21-764 Huff v. Florida Whether, as the court below and two other states hold, trial courts may close a courtroom pursuant to a closure statute without undertaking an analysis under Waller v. Georgia; or, as nine states and the federal courts of appeals hold, the Sixth Amendment and Waller require an assessment of the specific facts of the case and proposed closure, notwithstanding the existence of a statute governing closure.
21-763 Ham v. Breckon Whether a district court has jurisdiction under 28 U.S.C. § 2241 to review a claim that a federal prisoner’s sentence is invalid in light of an intervening and retroactively applicable statutory-interpretation decision of the Supreme Court, when circuit precedent foreclosed the claim at the time of the prisoner’s prior motion under 28 U.S.C. § 2255.
21-760 Kelly v. Animal Legal Defense Fund Whether Kan. Stat. Ann. § 47-1827(b), (c), and (d) violate the free speech clause of the First Amendment by criminalizing trespass by deception at animal facilities with intent to damage the enterprise.
21-752 Hammond v. U.S. (1) Whether a government agent’s direction to a wireless carrier to send a signal to a person’s phone, so that the phone reveals the person’s precise location and movements in real time, is a search within the meaning of the Fourth Amendment; and (2) whether a government agent’s good faith but objectively incorrect reading of a statute prevents the exclusion of constitutionally tainted evidence in a criminal trial.
21-746 Apple Inc. v. Qualcomm Incorporated Whether a licensee has Article III standing to challenge the validity of a patent covered by a license agreement that covers multiple patents.
21-742 Lyft v. Seifu Whether the Federal Arbitration Act requires the enforcement of a bilateral arbitration agreement providing that a worker cannot raise representative claims under California’s Private Attorneys General Act, thereby preempting the contrary holding in Iskanian v. CLS Transportation Los Angeles LLC.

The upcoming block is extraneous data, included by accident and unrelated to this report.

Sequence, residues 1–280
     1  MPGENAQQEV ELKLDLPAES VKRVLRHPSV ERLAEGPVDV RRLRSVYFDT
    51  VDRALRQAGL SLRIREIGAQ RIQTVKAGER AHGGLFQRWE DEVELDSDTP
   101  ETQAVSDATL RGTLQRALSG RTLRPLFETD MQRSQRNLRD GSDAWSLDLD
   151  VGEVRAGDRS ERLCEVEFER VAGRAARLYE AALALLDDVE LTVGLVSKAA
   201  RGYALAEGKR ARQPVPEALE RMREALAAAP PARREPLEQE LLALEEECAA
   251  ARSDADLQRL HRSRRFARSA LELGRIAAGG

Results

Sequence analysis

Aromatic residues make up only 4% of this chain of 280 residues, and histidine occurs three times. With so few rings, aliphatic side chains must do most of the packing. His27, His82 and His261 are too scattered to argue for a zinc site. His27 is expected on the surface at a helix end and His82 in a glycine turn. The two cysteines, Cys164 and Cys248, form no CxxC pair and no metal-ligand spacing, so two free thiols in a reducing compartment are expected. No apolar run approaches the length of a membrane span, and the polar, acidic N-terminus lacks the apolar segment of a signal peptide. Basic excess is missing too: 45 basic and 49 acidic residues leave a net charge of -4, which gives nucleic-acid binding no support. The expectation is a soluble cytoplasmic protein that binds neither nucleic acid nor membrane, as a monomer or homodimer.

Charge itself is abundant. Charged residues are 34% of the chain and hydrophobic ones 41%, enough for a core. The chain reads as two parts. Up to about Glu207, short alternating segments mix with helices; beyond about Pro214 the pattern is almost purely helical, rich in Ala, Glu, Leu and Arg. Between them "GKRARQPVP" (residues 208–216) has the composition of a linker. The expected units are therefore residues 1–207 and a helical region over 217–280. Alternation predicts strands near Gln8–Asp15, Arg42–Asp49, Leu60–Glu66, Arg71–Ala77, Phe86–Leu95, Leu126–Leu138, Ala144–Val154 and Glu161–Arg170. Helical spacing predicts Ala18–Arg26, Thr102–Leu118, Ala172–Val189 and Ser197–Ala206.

21-728 Cedado Nuñez v. U.S. Whether the three ways to identify nationless vessels enumerated in the Maritime Drug Law Enforcement Act are exhaustive.
21-721 Transpacific Steel LLC v. U.S. (1) Whether the president acted outside of the scope of the statutory authority Congress granted under Section 232 of the Trade Expansion Act of 1962 by doubling the tariff on steel imports from Turkey after the expiration of the statutory periods for presidential action specified in Section 232(c)(1); and (2) whether Section 232, as construed by the U.S. Court of Appeals for the Federal Circuit majority in this case to eliminate mandatory deadlines for presidential action, is inconsistent with the Supreme Court’s ruling in Federal Energy Administration v. Algonquin SNG, Inc. and is therefore an unconstitutional delegation of legislative power to the president in violation of Article I, section 8 of the Constitution and the principle of separation of powers because it cedes to the president the virtually unbounded power to tax and otherwise regulate imports.
21-717 Does v. Mills (1) Whether a state governor’s order mandating that private healthcare employers, on penalty of revocation of their business licenses, terminate their healthcare workers who are not fully vaccinated for COVID-19, and deny any worker’s request for religious accommodation from the mandate while allowing medical exemptions from the mandate, violates the employers’ and employees’ rights under the free exercise clause of the First Amendment; (2) whether, under the supremacy clause of the United States Constitution, a state governor’s order mandating that private healthcare employers, on penalty of revocation of their business licenses, terminate their healthcare workers who are not fully vaccinated for COVID-19 with no opportunity for any worker to seek a religious accommodation from the mandate, is preempted by the religious accommodation provisions of Title VII of the Civil Rights Act of 1964; and (3) whether Article III courts have incidental equitable powers to grant preliminary injunctive relief to employees in aid of their Title VII remedies when the harm suffered by the employees in the absence of injunctive relief has a chilling effect on their religious free exercise and protection from religious discrimination.
21-708 CLMS Management Services Limited Partnership v. Amwins Brokerage of Georgia, LLC Whether a provision of state law prohibiting mandatory arbitration in a policy of insurance issued by a foreign insurer is preempted by the Federal Arbitration Act or whether the McCarran-Ferguson Act reverse-preempts the Federal Arbitration Act.